Also setting this study apart from others is its approach. Economists over the past half century have analyzed growth using tightly constructed mathematical models. This book contains no equations, no proofs, not a single regression. The theory is developed using vivid historical examples. Maps instead of eye-glazing tables and charts are used to illustrate key points. This approach allows them to both reach a wide audience, as well as dig deeper into the fundamental causes of growth.
At one level, economists understand growth well. Robert Solow’s pioneering research on growth a half century ago and subsequent work by other economists established that innovations, as well as investments in human and physical capital, explained why some countries succeeded and others did not. But why have some countries followed the winning strategy of innovating and investing in physical and human capital while others have not? Answering this fundamental question requires tossing out the math, and adding history and politics to the brew. Acemoglu and Robinson are not the only economists to follow this approach. But they have dug deeper than the handful of others who have followed this path—and have hit gold.
Other key points made in the book:
- A pivotal event in human history was the Glorious Revolution (1688), when parliament overthrew King James II of England, replacing him with a constitutional monarchy, paving the way for the Industrial Revolution.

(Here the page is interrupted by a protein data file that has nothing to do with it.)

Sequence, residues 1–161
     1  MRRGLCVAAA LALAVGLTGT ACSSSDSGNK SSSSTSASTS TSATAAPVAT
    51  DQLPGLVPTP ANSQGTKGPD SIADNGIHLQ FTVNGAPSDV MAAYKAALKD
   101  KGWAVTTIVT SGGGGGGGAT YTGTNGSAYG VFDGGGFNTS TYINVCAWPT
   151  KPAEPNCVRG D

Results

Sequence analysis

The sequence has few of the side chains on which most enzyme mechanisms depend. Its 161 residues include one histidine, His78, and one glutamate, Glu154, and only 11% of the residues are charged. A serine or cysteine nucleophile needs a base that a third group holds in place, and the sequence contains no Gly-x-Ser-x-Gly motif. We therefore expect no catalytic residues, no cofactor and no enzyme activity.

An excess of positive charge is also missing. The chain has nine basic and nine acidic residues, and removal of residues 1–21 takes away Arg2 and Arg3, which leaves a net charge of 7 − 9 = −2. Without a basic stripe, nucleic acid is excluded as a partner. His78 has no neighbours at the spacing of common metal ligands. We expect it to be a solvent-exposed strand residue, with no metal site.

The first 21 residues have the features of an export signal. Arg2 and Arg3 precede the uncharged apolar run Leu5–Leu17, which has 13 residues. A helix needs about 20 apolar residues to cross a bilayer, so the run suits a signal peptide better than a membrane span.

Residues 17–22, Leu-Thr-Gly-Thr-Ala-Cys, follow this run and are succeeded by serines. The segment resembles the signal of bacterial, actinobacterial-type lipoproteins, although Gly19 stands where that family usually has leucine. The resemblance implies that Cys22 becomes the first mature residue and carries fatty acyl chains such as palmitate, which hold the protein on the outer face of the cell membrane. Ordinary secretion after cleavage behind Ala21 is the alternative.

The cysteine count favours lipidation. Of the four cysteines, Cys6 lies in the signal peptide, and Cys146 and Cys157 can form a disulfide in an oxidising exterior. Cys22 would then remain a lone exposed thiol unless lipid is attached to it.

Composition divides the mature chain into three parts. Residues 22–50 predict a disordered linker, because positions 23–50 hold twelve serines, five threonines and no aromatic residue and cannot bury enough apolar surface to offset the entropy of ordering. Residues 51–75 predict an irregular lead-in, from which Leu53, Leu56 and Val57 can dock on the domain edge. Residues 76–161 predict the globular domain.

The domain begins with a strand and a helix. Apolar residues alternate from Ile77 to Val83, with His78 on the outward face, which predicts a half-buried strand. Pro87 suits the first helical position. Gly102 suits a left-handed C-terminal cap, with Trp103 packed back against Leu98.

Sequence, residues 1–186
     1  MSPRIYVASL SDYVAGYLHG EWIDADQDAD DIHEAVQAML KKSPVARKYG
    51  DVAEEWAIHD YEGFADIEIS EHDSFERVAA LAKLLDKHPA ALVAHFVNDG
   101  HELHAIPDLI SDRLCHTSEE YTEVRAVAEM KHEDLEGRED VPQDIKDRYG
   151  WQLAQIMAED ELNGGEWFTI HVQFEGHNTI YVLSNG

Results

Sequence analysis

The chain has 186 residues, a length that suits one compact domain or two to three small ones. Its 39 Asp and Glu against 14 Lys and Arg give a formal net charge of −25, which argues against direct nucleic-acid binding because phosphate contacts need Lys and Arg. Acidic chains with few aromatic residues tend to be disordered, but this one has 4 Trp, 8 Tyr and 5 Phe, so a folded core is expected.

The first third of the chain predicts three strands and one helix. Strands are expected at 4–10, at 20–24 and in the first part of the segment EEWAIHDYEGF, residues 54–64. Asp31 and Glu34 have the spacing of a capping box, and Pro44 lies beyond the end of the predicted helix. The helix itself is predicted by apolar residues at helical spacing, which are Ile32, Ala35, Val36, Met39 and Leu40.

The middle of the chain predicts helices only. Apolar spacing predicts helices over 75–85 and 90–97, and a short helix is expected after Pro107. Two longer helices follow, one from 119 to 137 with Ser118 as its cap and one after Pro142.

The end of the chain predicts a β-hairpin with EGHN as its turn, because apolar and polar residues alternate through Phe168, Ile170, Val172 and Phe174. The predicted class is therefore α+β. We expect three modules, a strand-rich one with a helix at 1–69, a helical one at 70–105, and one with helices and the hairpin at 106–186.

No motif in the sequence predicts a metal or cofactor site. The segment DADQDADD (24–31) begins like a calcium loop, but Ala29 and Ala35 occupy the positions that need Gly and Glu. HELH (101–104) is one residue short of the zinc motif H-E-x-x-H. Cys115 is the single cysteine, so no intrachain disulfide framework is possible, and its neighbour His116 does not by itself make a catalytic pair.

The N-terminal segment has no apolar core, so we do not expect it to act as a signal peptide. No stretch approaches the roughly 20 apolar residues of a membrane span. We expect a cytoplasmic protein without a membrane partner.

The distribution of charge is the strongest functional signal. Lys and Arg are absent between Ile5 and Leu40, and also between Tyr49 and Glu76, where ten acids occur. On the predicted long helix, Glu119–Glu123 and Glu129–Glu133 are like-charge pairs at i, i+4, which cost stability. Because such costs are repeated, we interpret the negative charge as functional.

“The Industrial Revolution started and made its biggest strides in England because of her uniquely inclusive economic institutions. These in turn were built on foundations laid by the inclusive political institutions brought about by the Glorious Revolution. It was the Glorious Revolution that strengthened and rationalized property rights, improved financial markets, undermined state-sanctioned monopolies in foreign trade, and removed barriers to the expansion of industry.”
- Strong central governments are essential for growth, since they are needed to establish the rule of law and enforce property rights and contracts.
- The divide between rich and poor countries took place over 150 years ago. Since then, a few countries, such as South Korea and Singapore, have moved up and others, such as Argentina, have moved down. But mostly, those at the top and those at the bottom 150 years ago remain there.
- The authors are not among those who believe that economic prosperity or a more-educated workforce eventually lead to more democracy and inclusive institutions.
- They see foreign aid as a failure, but are not against it, since the small portion that filters through to the intended beneficiaries is better than nothing. They are also deeply skeptical about the current practice by Western economists of attempting to engineer prosperity by advising foreign governments.
A body of research’s importance can be gauged by how often it is cited by subsequent research. This book will be heavily cited and will generate a lot of high-powered research. That alone is one reason to pick it up. But a better one is that it is just a good read.
by Patrick Newport